Monday, April 30, 2018

NUHS's Wang ODDLY Discusses Acupuncture Myths Since None of Them Involve Its Lack of Science [via a Health Science University]

here, musing on 'health science subset acupuncture':

001. at National University of Health SCIENCES, we're told by a Mr. Wang in "5 Myths About Acupuncture Treatments and Their Effectiveness" (2018-04-25) [2018 archived]:
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[here's more NUHS promotion:

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"acupuncture is defined as a healing practice that stimulates certain parts of the body to alleviate pain [...] acupuncture as an effective and first line of treatment for chronic pain [...] the practice of acupuncture has been around for thousands of years. In fact, this ancient healing technique is over 3,000 years old! It is based on the insertion of thin, sterile needles into strategic points on the body that lie along specific energy meridian pathways [...]";

this is not accurate, 'merely pain'.  Acupuncture claims itself to be a panacea.  Also, it is historically believed that acupuncture as it is now is not what acupuncture once was: bloodletting later made less crazy.  And those "specific energy merdian pathways" have NO SCIENCE that confirms them.  Plus, the energy is not energy in any kind of scientific sense.  It is qi, which is an imaginary and prescientific superstition.

 "[after all, he then writes] the positive effects of acupuncture are broad and far-reaching [...] acupuncture is popular in the United States because of its use to alleviate pain, prevent disease, and promote wellness [...] clinical studies have found that natural health care in the form of acupuncture, in particular, can provide relief for conditions that include, but are not limited to:  allergies and respiratory problems like asthma, depression, anxiety, and post-traumatic stress disorder (PTSD), dysmenorrhea, fertility support, such as regulating periods, improving egg quality and ovulation, healthy support of the lining of the uterus, in vitro fertilization (IVF) and intrauterine insemination (IUI), headache and migraine, hypertension and hypotension, nausea, vomiting, irritable bowel syndrome (IBS), and morning sickness, neurological disorders, including multiple sclerosis, paralysis, autism, Parkinson’s disease, aphasia, vertigo, complex regional pain, stroke rehab, dysphagia, traumatic brain injury, fibromyalgia and more, pain management for the neck, back, sciatica, frozen shoulder, tennis elbow, knee pain, Morton’s neuroma, and foot pain, post-operative pain, facial pain, and dental pain, rheumatoid arthritis and osteoarthritis, tennis elbow, sprains, and injury related pain [...]";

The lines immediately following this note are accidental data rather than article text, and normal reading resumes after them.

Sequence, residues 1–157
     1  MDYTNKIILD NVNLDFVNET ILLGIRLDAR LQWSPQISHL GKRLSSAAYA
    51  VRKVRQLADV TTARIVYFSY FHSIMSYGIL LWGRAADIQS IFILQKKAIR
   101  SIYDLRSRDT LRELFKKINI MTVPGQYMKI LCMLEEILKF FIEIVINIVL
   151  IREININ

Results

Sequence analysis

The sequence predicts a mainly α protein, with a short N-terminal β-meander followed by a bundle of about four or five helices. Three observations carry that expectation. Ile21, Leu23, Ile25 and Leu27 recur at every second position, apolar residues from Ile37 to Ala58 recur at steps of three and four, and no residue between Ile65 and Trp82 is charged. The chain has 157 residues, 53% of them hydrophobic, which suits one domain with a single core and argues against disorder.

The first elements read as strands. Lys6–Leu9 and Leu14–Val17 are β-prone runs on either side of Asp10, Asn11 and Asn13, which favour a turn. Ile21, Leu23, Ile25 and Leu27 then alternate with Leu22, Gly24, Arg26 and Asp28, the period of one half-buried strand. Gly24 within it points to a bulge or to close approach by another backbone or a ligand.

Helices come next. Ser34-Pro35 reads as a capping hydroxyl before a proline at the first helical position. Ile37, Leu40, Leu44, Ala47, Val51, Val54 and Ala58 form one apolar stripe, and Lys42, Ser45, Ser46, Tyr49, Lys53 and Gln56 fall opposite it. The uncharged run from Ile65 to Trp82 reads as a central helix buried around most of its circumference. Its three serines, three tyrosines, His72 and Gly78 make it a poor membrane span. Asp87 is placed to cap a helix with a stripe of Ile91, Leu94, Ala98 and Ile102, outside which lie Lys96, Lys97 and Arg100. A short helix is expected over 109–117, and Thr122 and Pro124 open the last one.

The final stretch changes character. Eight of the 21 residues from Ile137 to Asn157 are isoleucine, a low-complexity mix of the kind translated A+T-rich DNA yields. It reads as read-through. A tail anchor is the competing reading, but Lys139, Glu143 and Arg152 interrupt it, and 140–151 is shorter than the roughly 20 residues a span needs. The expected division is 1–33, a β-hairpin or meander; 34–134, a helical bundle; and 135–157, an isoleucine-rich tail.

so, defined narrowly and then redefined broadly.  The foot in the door is pain, the actuality is EVERYTHING.  

"this common treatment, although offering its numerous benefits and advantages, has its fair share of misconceptions. Despite acupuncture’s pop ularity, there remain some misconceptions. Below are 5 of the most common myths surrounding acupuncture [..]';

oh, my.  The false position that will then tell us about what's false.  Acupuncture's efficacy beyond placebo and kind is actually the myth / misconception.

"[myths] 1. acupuncture is painful [...] this first myth is easily debunked [...] when the needle is inserted into the skin, the pa tient may feel a slight heaviness or weak electrical sensation. This normal sensation is referred to as qi (or chi) energy. When the qi is weak, excessive or blocked, it can cause illness and disease. When a patient feels this qi, they should know it’s the body’s healing energy going to work [...]";

ah, and so there we have the science-exterior vitalism at the heart of acupunture.  Here being promoted by a supposed "health science" university.  So, debunking with what has been debunked: vitalism and animatism.

"[myths] 2. acupuncture is a part of ancient folk medicine. Some people think that because acupuncture has been around for so long, it must be ancient and outdated [...]";

actually NOT a myth.

"[myth] 3. acupuncture treatments are expensive [...]";

it is simply not economical to waste one's money on theatrical placebo and kind.

[myth] 5. if you don’t see results immediately, you won’t benefit from acupuncture. Depending on the individual, patients may see results in three sessions, while some won't see results until their tenth [...]";

if ever this was an indication of placebo, regression to the mean, and natural course of illness, there you go.

 "acupuncture continues to gain popularity in Western medicine as more people are beginning to understand all of its mind-body health benefits. As popularity increases, there will be a greater increase for this time-honored healing practice [...]";

let's instead say 'acupuncture continues to be successfully falsely marketed.'  See below.


"we hope this post has provided you with eye-opening information and shows you the real uses and benefits of acupuncture treatments.  If you are interested in learning more about acupuncture and other alternative medicine fields, check out our free resource page – A Career Guide to Becoming an Acupuncture and Oriental Medicine Practitioner [...]";

ka-ching.

002. Cochrane by way of Australia's Friends of Science in Medicine [2018 archived]:
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acupuncture is quite NOT supported remarkably, broadly or far-reachingly.  And don't forget, it then has to compete with established care that has robust evidence and plausibility.  Sounds like a career grifting...
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